- Published on Wednesday, 13 November 2013 01:06
- Written by Los Altos Town Crier Staff
Following are highlights from the Nov. 5 Los Altos Hills City Council meeting. The next council meeting is scheduled 6 p.m. Dec. 12 at town hall, 26375 W. Fremont Road.
Town finalizes hazard mitigation plan
Councilmembers approved an updated Local Hazard Mitigation Plan last week, with the goal of ensuring peace of mind.
While not required under state or federal law, the plan enables the town to apply for Federal Emergency Management Agency matching grants that could fund flood control, fire prevention and/or seismic retrofitting measures.
Los Altos Hills City Manager Carl Cahill noted that though the $15,000 plan carries no immediate financial obligations, it will guide the town in determining whether additional research or financial investment is needed to protect critical public infrastructure.
Approximately 140 residents contributed to the updated plan by completing a public survey.
Railroad ties remain for another year
When the Fremont Road Safe Route to Los Altos Hills Schools project reached completion last spring, the project’s design aesthetics drew mixed reactions, specifically the choice of wood railroad ties to line the pathway. Some residents thought the ties looked unattractive, and cyclists expressed frustration about the ties limiting their escape routes should cars veer near them.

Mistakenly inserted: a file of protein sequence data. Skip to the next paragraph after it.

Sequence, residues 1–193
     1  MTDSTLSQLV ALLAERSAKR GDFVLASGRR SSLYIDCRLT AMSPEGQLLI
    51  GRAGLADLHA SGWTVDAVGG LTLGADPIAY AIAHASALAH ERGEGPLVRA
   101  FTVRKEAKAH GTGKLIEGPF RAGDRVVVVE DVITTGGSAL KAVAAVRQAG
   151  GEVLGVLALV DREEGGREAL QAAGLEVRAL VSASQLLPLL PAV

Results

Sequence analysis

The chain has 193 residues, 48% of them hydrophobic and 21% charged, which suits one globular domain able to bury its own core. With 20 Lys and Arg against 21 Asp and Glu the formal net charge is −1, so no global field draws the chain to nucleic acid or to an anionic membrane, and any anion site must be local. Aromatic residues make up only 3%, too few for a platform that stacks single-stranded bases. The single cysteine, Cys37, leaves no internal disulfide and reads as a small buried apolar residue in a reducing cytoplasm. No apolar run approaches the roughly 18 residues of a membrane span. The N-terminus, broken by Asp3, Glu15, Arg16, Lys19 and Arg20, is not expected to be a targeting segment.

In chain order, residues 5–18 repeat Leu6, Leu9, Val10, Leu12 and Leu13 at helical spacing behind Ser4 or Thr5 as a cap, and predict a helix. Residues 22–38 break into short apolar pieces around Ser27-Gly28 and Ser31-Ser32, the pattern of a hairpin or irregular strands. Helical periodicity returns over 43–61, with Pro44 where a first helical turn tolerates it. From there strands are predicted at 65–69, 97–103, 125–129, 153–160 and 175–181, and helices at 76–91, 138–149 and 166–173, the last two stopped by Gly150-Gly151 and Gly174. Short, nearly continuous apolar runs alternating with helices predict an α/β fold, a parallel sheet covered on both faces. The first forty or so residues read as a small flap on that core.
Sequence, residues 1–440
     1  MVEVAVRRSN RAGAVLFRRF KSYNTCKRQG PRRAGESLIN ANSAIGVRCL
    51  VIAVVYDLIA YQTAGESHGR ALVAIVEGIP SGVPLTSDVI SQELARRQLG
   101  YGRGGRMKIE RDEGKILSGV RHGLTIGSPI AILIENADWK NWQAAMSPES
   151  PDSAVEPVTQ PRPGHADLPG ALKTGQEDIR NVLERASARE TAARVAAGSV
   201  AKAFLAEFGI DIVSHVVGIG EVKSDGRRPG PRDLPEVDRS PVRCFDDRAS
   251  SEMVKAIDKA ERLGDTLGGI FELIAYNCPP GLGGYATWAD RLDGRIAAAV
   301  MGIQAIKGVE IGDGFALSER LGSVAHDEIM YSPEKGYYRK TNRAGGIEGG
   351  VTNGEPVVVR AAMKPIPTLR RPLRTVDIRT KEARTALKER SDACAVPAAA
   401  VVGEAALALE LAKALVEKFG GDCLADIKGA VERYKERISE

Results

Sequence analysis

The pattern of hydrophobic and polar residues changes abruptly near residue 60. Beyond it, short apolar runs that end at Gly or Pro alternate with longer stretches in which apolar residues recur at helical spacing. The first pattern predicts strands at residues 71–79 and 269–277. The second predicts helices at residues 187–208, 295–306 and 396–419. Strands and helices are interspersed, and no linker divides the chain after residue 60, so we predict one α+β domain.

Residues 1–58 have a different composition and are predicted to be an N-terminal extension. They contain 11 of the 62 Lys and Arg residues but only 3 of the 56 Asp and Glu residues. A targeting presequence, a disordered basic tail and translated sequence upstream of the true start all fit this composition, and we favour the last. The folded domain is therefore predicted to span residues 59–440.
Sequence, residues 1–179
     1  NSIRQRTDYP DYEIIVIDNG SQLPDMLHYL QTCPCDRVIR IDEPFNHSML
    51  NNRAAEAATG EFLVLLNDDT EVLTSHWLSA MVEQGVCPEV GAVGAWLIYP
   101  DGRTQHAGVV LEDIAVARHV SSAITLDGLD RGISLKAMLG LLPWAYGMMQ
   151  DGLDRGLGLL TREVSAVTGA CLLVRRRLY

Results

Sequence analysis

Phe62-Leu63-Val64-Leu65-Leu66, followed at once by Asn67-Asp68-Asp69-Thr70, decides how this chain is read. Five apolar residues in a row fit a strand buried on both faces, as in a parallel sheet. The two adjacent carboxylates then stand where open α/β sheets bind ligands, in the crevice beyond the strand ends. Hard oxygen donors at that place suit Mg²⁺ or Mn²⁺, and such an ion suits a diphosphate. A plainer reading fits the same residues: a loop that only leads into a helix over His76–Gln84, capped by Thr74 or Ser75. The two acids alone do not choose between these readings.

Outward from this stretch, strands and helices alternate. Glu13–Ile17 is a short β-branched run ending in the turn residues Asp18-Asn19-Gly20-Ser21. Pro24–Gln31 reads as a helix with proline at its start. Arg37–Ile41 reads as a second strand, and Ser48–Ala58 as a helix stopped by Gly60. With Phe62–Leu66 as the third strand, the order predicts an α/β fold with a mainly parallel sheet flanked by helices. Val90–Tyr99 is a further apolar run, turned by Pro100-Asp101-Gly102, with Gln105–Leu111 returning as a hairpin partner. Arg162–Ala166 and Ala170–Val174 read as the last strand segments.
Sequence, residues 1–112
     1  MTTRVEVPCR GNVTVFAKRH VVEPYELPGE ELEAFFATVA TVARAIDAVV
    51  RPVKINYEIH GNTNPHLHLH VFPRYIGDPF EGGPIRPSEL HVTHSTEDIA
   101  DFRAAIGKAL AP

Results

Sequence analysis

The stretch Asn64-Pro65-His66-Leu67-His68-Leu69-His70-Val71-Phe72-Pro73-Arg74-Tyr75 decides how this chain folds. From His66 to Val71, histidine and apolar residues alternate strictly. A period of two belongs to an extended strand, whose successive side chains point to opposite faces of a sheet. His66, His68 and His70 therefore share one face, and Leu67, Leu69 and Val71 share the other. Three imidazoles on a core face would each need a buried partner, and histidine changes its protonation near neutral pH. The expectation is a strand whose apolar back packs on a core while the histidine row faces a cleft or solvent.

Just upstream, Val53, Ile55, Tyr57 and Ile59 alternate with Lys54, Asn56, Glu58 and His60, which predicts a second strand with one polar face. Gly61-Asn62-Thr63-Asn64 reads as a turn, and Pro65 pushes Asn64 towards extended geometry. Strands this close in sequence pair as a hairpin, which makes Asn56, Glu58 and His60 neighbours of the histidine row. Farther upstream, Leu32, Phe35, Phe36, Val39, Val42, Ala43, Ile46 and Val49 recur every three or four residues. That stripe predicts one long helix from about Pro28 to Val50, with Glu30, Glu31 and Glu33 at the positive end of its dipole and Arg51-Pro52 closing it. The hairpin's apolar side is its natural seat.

Despite the objections, the council decided that it’s too early to determine the fate of the landscape element.
Originally installed to protect vegetation along the pathway, the railroad ties protected young plants as intended, and also deterred parking along the path. Councilmembers agreed to allow the landscaping to mature for another year and resurrect the discussion in fall 2014, with recommendations from the Traffic Safety and Pathways committees.
Arastradero trail project opens
Neighbors in Los Altos Hills and Palo Alto now have one more way to connect after the $1.9 million Arastradero Trail Improvement Project opened Nov. 1.
The Stanford University-funded project included widened trail segments along Page Mill Road, bike lane striping and construction of new walking path segments along Arastradero Road that connect the trail across Interstate 280 to Purissima Road.
After receiving approval from the council in May 2012, the six-month project broke ground last spring, enabling enhanced access to open spaces along the Skyline Trail.
– Ellie Van Houtte